Title 3 also allows the distributor to claim termination fees he has to pay to employees whom he is obliged to lay off because of the termination of the contract, for that part of the staff's notice period that exceeds the duration of the dealer's notice period.

c). Retrieving of the stock

This question is not resolved by the Economic Code but case-law and legal doctrine generally consider that, if the contract does not address this issue, the manufacturer or importer has an obligation to take back the stock of products still in the possession of the distributor after termination of the contract.

Very often, unfortunately the contract will include a clause stipulating expressly either, that the manufacturer will not take the stock back, or, that he will be free to retrieve it or not (which resumes in a total absence of obligation on his part).

The majority of the case-law and legal doctrine considers that, in such cases, the contract must be respected.


If the contract is terminated because of a serious breach, the distributor is not entitled to claim any compensation or additional clientele compensation, nor is he entitled to require the manufacturer to take back the stock.

Here the notion of serious breach is comparable to that which applies under labour law: a serious breach is one that makes it immediately and definitively impossible for the parties involved to continue a contractual relationship, because of the resulting loss of confidence.

Under the general rules of civil law, the courts normally retain the right to assess what constitutes a serious breach in the sense that the party that terminates a contract on those grounds always runs the risk that the court may consider, a posteriori, that the serious breach was not real or did not justify immediate termination of the contract.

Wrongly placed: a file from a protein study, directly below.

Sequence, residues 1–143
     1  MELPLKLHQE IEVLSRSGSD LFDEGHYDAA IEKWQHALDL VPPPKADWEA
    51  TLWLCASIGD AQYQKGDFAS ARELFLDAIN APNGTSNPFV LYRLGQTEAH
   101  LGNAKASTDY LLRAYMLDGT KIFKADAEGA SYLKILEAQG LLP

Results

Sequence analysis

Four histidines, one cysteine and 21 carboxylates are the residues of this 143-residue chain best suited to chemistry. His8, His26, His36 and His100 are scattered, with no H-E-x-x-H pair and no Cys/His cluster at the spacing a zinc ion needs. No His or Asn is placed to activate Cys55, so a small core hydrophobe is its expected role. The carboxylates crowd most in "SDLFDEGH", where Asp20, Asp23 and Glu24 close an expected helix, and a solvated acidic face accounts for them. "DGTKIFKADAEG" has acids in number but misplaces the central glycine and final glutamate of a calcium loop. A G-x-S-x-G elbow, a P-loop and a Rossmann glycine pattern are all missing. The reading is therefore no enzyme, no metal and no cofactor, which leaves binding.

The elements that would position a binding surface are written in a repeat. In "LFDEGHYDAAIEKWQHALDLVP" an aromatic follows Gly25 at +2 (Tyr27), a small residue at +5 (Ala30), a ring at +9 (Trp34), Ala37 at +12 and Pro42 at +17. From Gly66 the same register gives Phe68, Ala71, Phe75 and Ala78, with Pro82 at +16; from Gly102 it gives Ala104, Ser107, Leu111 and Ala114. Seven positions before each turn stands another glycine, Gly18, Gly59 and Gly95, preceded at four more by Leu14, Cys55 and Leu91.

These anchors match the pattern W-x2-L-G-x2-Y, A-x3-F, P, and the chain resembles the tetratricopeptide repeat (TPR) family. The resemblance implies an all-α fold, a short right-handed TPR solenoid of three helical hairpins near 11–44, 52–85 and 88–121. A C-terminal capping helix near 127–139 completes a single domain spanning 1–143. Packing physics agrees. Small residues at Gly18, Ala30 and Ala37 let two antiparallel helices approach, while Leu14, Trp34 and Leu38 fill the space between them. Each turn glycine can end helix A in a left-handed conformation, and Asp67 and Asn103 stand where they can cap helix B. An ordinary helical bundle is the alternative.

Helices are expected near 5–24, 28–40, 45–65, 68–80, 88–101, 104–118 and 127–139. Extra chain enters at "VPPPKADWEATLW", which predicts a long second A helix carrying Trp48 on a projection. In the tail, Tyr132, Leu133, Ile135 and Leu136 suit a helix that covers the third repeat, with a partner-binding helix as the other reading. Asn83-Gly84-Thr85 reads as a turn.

In such a case, the party terminating the contract will have to pay the compensation or additional compensation normally stipulated by the law.

In practice, most contracts therefore classically include a provision stipulating expressly that such and such contractual defaults will automatically be considered as a serious breach. The Belgian “Cour de cassation” has recognised the validity of such clauses.

In practice, contracts also often include “express resolutory conditions”. These clauses do not relate to serious breaches committed by the distributor such as, selling outside the agreed territory, repeated delay in payments or non-accomplishment of sale targets, but they relate to objective events, independent of any idea of fault, which are nevertheless generally sanctioned by the immediate termination of the contract.

The most common “express resolutory conditions” relate to events such as a change in shareholding, bankruptcy or any other situation in which the distributor has difficulties which have the consequence to undermine his solvency.

The “Cour de cassation” has also recognised the validity of such clauses.